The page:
Two Options for Daily Scripture Consumption
I’m a huge advocate of daily Bible reading. I encourage people to develop the habit of regularly reading God’s Word. It’s as important as eating. Just as we wouldn’t go a day without eating (unless we’re fasting), we shouldn’t go a day without reading Scripture. The question is quantity Bible reading or quality Bible reading.
Quantity Bible Reading
ABibleADay.com offers resources to guide readers into doing just that. There’s a plan to read the New Testament in the year, read the Old Testament in a year, and read the entire Bible in the year.
For those who aren’t ready to commit to a long term-plan, there are also monthly reading guides to help people ease into developing the practice of regularly reading God’s Word. A benefit of the monthly reading plans is that you can easily start anytime you want to throughout the year.
Each of these approaches involves reading at least one chapter a day up to about three or four, depending on the guide. The goal is to cover a lot of Scripture each month and each year. This is a quantity Bible reading approach.
The quantity perspective of reading God’s Word has much value, allowing readers to encounter large swaths of Scripture. This is ideal for giving an overview and methodically covering large sections of the Bible. It’s a great practice to pursue.
Yet this pace makes in-depth studying a challenge. For that reason, I switch back and forth between this quantity Bible reading approach to a quality mindset.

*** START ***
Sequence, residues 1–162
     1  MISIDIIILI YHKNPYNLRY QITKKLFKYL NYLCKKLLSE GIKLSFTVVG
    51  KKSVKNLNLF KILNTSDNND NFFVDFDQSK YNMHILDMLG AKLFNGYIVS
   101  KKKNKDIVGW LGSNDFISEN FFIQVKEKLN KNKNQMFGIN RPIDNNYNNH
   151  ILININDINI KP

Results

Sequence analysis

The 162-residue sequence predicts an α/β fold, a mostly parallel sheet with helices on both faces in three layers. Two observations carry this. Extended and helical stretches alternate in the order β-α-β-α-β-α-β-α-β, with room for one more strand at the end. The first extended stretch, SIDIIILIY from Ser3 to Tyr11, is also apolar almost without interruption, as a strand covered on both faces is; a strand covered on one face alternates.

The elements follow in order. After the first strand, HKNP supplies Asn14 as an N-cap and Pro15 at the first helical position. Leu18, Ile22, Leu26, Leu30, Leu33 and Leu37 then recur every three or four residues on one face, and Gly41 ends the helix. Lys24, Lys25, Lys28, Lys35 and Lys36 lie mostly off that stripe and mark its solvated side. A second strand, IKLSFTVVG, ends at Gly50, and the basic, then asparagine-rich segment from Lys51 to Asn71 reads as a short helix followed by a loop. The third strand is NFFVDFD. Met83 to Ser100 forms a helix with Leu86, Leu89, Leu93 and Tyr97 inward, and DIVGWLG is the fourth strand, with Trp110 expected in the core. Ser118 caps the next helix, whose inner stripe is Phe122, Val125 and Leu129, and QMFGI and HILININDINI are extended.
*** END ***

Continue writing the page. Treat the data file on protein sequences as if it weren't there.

Quality Bible Reading
With a quality approach to reading the Bible, the emphasis changes from how much Scripture we cover to how well it’s internalized. To read for quality requires slowing down. It means immersing ourselves in a passage or even a verse. In doing so, we seek to gain as much insight as possible without feeling a need to rush on to what follows it.
In this way we take time to meditate on what the Bible says and internalize it to make it part of our lives. (Check out this post for some ideas for how to meditate on God’s Word.)
Neither approach to reading the Bible is superior to the other. Both have their merits, and both have their limitations. The key is to use whichever method works best for us for the season of life we’re in.
We may want to spend a year pursuing quantity Bible reading to absorb as much Scripture as possible. Then we may switch to a quality Bible reading approach to dig deep and mine truths buried within.
The goal is to know which approach is right for us at any given time and to have the freedom to pursue it. This means that if we’re going for quantity, we don’t feel guilty about missing nuances. Likewise, it means if we’re going for quality, we don’t feel guilty about not covering a lot of ground.
God honors both methods and both have merit. May we wisely choose the best approach for us at any given time.
Peter DeHaan writes about biblical Christianity to confront status quo religion and live a life that matters. He seeks a fresh approach to following Jesus through the lens of Scripture, without the baggage of made-up traditions and meaningless practices.
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